SFU Department of Statistics and Actuarial Science 2017 Case Study Competition:

Moj.io Car Sensor Data


The competition is posed by moj.io who has provided us with Real Data from car sensors.  Moj.io is hiring and wants to use this competition as a way to see what we can do.

Compete for $2000 in prizes and interviews with moj.io

Work in teams of up to 3

Eligibility: Any current SFU student at any level of their study;  BSc, MSc, PhD students are eligible from any department.  Maximum 1 PhD student per group.

Register here. Note that it can take up to 2 hours for you to gain access to the data link after signing up.

Data Set: The data consists of over 2.4 million rows of sensor data from 384 cars and SUVs.

The data includes some information about the car type, engine size, transmission type, type of gasoline, factory advertised gas mileage,...

The sensors record variables like acceleration, engine revolutions per minute, velocity, fuel and battery levels, ...

Vehicle location information like latitude and longitude have been rounded to whole numbers.

Case Study Questions: Choose any of these.  Aim for creative solutions

  1. 1)Produce a driver score.  Feel free to consider outside data sources like weather (See here for example).  This goal has its own prize!

  2. 2)GPS data is not included in the data, however, can you infer when someone is driving in the highway vs city?

  3. 3)Look at the differences in engine sensors to consider wear and tear on vehicles.  Produce a car score for wear and tear on vehicles.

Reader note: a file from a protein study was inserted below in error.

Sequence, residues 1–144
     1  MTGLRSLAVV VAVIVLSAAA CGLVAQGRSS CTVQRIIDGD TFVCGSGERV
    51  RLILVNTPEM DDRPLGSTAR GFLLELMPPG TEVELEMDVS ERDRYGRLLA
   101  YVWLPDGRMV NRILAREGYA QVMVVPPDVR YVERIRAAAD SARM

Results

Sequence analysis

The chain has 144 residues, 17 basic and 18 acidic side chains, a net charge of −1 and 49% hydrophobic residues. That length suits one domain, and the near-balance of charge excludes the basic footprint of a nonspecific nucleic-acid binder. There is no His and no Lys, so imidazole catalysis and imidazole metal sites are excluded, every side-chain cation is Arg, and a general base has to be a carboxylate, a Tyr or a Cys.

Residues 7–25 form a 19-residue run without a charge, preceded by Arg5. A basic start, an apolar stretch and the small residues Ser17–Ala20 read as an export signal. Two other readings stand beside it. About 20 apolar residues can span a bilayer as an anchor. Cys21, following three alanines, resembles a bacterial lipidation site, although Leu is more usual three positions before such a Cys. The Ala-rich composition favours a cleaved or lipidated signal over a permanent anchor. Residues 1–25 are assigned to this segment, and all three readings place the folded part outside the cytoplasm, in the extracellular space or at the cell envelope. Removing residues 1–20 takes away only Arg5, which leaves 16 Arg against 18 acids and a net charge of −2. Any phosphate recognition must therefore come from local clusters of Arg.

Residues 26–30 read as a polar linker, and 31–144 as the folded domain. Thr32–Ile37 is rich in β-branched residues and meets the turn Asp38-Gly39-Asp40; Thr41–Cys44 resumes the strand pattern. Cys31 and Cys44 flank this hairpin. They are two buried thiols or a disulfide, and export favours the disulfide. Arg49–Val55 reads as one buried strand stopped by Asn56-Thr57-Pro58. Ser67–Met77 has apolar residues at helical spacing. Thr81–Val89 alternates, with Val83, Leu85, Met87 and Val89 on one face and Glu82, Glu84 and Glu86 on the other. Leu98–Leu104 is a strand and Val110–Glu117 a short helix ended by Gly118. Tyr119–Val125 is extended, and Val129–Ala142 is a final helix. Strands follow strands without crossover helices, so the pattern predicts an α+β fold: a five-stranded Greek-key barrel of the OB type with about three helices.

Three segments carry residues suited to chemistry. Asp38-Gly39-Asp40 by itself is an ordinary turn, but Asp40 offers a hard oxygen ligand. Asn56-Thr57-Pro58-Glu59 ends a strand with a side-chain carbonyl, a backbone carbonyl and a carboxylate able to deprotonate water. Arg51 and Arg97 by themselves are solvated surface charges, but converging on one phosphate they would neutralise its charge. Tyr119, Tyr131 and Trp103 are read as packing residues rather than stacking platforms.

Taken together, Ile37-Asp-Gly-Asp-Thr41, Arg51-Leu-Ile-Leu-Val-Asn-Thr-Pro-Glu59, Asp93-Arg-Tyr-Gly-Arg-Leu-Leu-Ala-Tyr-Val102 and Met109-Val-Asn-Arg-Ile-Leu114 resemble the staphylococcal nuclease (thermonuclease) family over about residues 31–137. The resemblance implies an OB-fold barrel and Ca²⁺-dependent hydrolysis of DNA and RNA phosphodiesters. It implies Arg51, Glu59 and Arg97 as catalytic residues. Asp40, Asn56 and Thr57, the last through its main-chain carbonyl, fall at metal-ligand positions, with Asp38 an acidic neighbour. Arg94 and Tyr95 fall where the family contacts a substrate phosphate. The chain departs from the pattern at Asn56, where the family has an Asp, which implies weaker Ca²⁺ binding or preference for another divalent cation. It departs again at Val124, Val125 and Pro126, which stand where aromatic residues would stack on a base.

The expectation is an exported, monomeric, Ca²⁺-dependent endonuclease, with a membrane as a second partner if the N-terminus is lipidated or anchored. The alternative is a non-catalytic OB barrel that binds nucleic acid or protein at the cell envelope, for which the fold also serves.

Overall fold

4) Determine how long to drive to recharge the battery?

  1. 5)Does it seem like there might be multiple drivers per vehicle?   Find some cars that have these differences in behaviour.


  1. Best overall in competition with different categories for undergrad students, grad students, and a mixtures of undergrad and grad students (3 prizes x $300 each) 

  2. Best driver score ($300)

  3. Best highway vs city ($200)

  4. Best engine sensor wear and tear ($200)

  5. Best drive to recharge battery ($200)

  6. Best multiple drivers per vehicle ($200)

Judging is based on these 6 criteria (all equally weighted):

  1. Solution to the problem

  2. Use of visuals / graphs

  3. Explanation/ Interpretation of results

  4. Justification for what was done / Reason given for methods used

  5. Assessment of uncertainty in solution

  6. Creativity

Competition completes Monday April 24th 4 - 7pm downtown at VentureLabs (SFU Harbour Centre). The final product for the case study competition will be a short 5 minute presentation where groups will showcase their results to a group of judges from industry who are already familiar with the dataset.  

Questions?  contact Dr. Dave Campbell or email dac5@sfu.ca